Stark: [13:58:01] The part of my identity that I feel like most of the time, I think of myself mostly, in the education sense, I think of myself as a teacher and as a student, actually, almost at the same time. I learn so much from my students, so I think that that’s the most important part of my identity. But I definitely always am aware of my identity as a woman as well. I don’t think I’m frequently aware of my identity as a white person. I think the more exposed I am to, like, if there are more people of color around, I think at that point I’m more aware of it. But I think during my day to day when it’s just, you know, driving around, I think I’m most aware of my identity as a woman but then also as an educator and someone who’s involved in either learning or teaching but transmitting information that way.
Q: So you think the fact that you’re a woman impacts you more in your trajectory through the world more than the fact that you’re white?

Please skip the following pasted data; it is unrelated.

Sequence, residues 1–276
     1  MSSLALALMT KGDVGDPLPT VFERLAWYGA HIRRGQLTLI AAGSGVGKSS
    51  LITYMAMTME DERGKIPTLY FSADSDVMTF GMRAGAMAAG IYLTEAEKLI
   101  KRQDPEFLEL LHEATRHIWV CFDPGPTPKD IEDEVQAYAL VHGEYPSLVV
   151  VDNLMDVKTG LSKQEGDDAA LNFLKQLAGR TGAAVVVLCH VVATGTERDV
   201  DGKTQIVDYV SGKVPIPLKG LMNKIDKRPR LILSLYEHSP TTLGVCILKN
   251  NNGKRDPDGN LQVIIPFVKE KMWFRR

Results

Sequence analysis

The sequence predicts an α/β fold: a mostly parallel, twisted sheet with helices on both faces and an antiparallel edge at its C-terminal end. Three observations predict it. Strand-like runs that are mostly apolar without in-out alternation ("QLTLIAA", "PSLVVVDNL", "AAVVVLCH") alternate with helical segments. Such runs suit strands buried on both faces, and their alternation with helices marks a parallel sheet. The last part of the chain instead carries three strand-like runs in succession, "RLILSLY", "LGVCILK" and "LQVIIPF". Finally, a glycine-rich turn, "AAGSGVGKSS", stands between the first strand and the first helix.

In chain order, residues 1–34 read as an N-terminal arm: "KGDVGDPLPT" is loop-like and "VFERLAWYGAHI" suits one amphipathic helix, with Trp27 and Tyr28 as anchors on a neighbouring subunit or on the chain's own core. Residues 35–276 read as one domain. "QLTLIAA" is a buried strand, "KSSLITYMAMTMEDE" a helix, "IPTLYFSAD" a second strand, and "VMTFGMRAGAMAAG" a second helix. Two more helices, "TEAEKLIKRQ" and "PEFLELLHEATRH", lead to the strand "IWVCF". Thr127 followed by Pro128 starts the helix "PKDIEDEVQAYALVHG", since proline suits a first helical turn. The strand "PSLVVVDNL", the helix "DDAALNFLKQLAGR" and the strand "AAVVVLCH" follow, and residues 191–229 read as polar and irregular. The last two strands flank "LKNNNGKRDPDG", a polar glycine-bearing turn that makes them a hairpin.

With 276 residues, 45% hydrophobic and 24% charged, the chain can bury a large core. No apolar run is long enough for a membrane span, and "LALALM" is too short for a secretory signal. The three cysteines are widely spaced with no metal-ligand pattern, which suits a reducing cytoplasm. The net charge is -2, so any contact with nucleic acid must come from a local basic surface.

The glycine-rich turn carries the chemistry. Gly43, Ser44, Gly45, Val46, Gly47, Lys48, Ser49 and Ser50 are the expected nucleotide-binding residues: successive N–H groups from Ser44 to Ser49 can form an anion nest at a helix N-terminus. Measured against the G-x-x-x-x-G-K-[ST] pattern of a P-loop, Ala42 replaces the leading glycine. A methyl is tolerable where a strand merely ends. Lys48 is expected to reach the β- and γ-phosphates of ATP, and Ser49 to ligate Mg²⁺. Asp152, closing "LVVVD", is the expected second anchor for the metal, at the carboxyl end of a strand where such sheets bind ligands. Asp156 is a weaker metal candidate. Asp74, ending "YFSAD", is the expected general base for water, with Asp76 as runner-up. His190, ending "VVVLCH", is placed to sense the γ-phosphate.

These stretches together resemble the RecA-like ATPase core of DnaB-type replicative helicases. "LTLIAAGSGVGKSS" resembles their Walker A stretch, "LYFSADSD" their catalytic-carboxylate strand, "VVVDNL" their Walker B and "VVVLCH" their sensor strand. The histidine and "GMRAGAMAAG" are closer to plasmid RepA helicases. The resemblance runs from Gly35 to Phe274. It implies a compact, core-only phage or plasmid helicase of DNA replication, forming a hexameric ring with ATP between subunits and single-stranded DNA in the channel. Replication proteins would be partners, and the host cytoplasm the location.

Stark: [13:59:13] I think so. I think that my identity as a woman is more prevalent in my consciousness than my identity as a white person.
Q: And what about as your experience in the world, how you’re treated, how you feel in certain situations? Do you think that being a woman or being white have a bigger impact on your experience in the world?
Stark – Session 1 – 20
Stark: [13:59:46] I guess I don’t know how much my whiteness affects my day-to-day experiences, but I can see how being a woman affects my day-to-day experiences. I can see when guys are, you know, like, even just side looks, it’s still a sexual thing that immediately makes me aware that I’m a woman, and he’s a man. And that’s just on the smallest levels. There are of course, you know, times when there are cat calls or—actually, I had the first experience of a man making rude gestures from another car a couple months ago, so that was fun. Like, I had to be sure, like, “Is he really doing what I think he’s doing? Yeah, that’s what I think it is?” And so I tried not to react. I tried to just, like, give him like this really confused look, like, “What the hell?” Like, “What is that?” So I don’t know. So luckily, I haven’t had many of those experiences, but I don’t know.